Textiles ministry move threatens to further split fashion fraternity

September 1st, 2008 - 9:42 pm ICT by IANS  

New Delhi, Sep 1 (IANS) India’s already fragmented fashion fraternity is threatened with another split with the textiles ministry moving to form an Indian Fashion Council (IFC) that would, in real terms, only duplicate the functions of the hitherto supreme Fashion Design Council of India (FDCI).At a “brainstorming” session here Monday, Textiles Minister Shankersinh Vaghela was at pains to point out that the two bodies would compliment each other but from what various designers and industry leaders said on the occasion, it was quite clear that the schism was quite evident.

“The FDCI can’t complain. We are not in competition with the FDCI,” Vaghela explained, without addressing the deep differences that exist within the fashion fraternity.

These differences blew into the open earlier this year when Sumeet Nair quit as the FDCI’s executive director after a bitter spat with its board. He has thereafter become consultant to the newly created Fashion Foundation of India (FFI) that says it is more into the business of fashion than staging fashion weeks.

Nair has also announced plans to conduct a parallel event along with the FDCI-organised Wills Lifestyle India Fashion week here next month.

This apart, there is the Lakme Fashion Week that is staged in Mumbai and which is participated in largely by designers from Mumbai and Kolkatta who are not part of the FDCI.

In such a scenario, the entry of a new player like the IFC would certainly set the cat among the pigeons, industry analysts said.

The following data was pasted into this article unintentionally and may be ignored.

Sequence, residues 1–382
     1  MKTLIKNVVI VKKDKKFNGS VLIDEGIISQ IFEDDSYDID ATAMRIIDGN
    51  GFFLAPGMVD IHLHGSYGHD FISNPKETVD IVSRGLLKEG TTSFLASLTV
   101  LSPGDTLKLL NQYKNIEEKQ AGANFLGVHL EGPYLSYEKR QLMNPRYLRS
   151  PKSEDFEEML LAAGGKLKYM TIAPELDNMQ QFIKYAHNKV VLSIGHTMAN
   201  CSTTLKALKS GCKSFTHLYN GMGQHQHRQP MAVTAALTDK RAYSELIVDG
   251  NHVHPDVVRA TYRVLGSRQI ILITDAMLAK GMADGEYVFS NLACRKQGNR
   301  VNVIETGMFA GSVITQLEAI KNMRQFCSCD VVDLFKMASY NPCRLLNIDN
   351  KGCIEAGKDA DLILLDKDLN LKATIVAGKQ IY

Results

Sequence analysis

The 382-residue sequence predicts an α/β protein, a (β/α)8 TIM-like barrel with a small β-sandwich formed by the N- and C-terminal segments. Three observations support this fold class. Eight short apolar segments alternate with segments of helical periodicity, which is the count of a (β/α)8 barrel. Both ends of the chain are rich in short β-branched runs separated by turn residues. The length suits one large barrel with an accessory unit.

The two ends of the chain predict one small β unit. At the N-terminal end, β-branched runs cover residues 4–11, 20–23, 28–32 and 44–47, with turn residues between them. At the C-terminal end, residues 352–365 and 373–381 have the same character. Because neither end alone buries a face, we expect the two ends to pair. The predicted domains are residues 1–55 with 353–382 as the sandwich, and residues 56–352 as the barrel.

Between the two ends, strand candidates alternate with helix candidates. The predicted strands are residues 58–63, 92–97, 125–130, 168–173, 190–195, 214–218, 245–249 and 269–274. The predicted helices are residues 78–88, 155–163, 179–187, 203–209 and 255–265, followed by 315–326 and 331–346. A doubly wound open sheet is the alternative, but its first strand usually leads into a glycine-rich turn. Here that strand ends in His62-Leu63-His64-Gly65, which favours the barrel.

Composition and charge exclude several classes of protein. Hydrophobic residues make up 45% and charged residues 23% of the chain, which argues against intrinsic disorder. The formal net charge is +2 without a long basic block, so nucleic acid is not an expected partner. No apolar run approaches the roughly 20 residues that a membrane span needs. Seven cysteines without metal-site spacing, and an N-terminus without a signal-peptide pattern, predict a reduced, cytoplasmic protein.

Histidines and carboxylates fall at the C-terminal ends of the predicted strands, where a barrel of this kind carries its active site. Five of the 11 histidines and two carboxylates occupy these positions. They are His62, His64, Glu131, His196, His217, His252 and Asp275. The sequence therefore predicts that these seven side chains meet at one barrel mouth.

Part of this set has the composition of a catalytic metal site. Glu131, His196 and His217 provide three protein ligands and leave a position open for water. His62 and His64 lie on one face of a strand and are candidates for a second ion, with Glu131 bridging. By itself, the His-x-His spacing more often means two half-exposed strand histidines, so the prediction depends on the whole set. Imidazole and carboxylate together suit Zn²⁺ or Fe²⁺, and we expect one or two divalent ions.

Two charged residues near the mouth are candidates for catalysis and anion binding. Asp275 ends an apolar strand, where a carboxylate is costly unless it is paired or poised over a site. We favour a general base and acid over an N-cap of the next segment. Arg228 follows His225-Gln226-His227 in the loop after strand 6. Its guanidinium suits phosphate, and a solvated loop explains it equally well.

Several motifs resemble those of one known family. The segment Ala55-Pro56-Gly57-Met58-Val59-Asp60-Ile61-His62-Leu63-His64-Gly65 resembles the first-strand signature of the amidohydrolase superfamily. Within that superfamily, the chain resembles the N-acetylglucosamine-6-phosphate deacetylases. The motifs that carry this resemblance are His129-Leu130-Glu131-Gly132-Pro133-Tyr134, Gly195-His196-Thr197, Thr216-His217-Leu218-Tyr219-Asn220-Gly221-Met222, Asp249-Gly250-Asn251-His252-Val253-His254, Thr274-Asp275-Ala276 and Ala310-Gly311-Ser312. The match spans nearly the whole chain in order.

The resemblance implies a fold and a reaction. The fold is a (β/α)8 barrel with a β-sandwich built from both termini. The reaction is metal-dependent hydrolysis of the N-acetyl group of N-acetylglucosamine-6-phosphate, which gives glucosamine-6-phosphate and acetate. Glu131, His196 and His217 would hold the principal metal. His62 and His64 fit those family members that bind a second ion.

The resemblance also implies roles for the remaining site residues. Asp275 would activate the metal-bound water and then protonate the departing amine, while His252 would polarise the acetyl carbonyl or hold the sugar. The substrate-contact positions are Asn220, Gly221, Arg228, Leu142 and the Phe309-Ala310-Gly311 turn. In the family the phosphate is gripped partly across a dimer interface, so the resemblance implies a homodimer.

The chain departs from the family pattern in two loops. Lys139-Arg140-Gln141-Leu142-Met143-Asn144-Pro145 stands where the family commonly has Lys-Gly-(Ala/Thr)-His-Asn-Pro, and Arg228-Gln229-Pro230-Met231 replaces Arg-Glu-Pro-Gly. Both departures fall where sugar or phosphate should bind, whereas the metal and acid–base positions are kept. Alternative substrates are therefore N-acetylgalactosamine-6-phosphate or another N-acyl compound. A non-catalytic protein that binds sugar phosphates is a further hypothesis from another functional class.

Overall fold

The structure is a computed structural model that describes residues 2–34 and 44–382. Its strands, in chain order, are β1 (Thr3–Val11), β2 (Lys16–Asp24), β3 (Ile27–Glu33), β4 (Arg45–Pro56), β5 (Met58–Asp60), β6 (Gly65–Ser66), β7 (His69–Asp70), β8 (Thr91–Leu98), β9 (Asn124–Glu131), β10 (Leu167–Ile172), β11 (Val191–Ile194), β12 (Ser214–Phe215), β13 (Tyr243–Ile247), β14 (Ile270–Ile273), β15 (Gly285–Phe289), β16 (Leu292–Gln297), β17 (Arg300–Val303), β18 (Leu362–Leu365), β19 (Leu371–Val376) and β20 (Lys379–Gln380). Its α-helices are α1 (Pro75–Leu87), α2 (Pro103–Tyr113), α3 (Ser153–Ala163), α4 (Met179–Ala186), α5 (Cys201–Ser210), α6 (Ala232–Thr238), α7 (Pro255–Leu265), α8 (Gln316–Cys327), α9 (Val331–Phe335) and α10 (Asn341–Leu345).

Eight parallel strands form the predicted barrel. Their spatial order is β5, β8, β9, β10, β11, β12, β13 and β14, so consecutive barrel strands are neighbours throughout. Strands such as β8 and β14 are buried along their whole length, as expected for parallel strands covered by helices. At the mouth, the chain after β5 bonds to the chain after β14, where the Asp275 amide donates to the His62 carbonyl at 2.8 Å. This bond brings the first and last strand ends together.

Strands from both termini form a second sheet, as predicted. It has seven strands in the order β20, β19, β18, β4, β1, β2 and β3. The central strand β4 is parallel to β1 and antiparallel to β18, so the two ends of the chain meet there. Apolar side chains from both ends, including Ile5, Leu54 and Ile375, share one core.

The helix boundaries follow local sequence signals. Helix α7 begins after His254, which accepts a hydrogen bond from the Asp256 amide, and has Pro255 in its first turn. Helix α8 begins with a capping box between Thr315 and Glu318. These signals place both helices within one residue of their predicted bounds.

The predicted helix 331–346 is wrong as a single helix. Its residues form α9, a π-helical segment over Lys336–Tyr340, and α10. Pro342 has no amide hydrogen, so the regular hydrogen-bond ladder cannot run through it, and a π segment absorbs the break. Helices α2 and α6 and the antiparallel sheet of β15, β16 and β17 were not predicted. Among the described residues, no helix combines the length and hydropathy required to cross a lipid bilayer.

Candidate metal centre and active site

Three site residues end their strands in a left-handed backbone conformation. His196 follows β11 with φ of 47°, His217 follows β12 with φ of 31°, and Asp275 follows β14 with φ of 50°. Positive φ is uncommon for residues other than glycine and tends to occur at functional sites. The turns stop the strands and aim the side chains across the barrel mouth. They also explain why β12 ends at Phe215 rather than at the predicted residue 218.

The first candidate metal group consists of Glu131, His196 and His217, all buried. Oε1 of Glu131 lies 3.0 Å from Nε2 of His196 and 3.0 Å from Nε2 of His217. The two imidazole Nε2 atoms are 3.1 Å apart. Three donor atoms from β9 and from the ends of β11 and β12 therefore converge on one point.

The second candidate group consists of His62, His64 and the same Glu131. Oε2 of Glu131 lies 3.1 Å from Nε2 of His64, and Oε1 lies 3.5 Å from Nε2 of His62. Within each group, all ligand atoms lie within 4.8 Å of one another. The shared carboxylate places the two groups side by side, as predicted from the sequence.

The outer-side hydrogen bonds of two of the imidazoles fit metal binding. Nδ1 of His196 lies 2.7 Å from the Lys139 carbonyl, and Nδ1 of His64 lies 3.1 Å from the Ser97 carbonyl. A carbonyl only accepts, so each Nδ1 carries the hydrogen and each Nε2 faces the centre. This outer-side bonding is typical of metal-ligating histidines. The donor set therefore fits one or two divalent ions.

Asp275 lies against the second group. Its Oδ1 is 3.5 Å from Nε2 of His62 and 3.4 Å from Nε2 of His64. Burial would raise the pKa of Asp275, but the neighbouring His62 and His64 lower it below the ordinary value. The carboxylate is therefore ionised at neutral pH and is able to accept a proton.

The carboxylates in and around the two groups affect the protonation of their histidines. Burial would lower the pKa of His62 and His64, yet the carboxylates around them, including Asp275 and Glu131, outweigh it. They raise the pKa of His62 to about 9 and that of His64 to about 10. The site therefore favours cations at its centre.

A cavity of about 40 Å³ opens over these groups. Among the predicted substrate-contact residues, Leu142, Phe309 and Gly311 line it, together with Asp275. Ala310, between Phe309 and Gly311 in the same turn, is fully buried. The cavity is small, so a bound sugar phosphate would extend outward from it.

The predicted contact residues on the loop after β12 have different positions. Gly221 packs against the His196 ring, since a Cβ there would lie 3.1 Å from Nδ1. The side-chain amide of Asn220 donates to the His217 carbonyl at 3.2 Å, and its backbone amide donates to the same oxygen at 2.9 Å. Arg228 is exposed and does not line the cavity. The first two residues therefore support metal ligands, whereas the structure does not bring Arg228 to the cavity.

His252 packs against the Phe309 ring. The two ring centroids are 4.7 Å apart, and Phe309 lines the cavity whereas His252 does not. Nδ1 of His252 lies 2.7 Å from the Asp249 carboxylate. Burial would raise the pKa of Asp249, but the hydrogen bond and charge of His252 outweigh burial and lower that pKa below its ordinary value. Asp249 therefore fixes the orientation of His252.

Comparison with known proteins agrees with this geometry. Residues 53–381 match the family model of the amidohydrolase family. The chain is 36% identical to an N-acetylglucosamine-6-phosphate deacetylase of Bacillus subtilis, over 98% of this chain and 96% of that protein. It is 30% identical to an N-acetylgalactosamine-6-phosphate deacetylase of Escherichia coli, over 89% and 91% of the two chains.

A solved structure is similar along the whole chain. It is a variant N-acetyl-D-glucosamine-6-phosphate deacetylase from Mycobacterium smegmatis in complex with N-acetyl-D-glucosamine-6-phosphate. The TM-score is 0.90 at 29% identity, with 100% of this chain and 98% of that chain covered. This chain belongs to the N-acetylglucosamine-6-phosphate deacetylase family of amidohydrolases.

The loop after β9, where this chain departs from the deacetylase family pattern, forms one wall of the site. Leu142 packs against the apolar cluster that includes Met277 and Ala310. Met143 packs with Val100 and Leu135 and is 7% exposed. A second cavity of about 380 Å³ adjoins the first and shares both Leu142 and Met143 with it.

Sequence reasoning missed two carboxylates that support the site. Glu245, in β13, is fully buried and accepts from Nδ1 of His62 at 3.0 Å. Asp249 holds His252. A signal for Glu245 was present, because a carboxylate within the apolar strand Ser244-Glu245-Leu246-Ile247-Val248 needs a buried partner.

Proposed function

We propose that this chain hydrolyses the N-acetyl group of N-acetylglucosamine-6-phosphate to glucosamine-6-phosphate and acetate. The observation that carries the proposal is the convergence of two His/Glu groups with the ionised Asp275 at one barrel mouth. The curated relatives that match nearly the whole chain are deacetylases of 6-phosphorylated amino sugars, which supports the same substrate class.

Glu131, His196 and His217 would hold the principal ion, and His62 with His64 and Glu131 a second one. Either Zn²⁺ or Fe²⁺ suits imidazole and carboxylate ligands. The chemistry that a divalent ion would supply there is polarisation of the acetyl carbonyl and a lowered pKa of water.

This is largely because of the backing of the textiles ministry, to which entities like the Apparels Export Promotion Council (AEPC), whose members account for the bulk of India’s textiles exports, are affiliated.

Thus, at Monday’s meeting, the AEPC termed the new body a “brilliant idea” while FDCI president Sunil Sethi professed himself to be “unprepared for this”.

He also countered the textiles ministry’s contention that the IFC was meant to promote young designers, some 3,000 of whom were graduating every year from the National Institute of Fashion Technology (NIFT) and similar entities.

“We in FDCI are 160 people. When we can’t decide what is right for the industry how can 3,000 decide what is right for the industry. The question is, what are you bringing to the table,” Sethi, who has just returned from a trip to the US to attract buyers for the Wills Lifestyle India Fashion Week, wondered.

Designer Leena Singh of the Ashima-Leena duo chose to be conciliatory.

“Look after your older children. Take care of your babies, but let’s have one school of thought (to guide the fashion industry),” she contended.

Admitting to a “lot of fragmentation” in the Indian fashion industry, designer Namrata Joshipura added: “This is because of the feeling that (some designers) have not made it to FDCI. But then, nowhere is everyone accepted.”

Surprisingly, Rathi Viney Jha, who has stepped down as the FDCI’s director general, welcomed the new body - but with a proviso.

“I think it’s a good idea but one that’s too late. We do need an India Design Council but one that is in sync with FDCI,” she said.

The contours of the India Fashion Council will be known only 15 days from now. That’s how long the textiles minister has given various stake holders to send in their written suggestions on the body’s role and functions.

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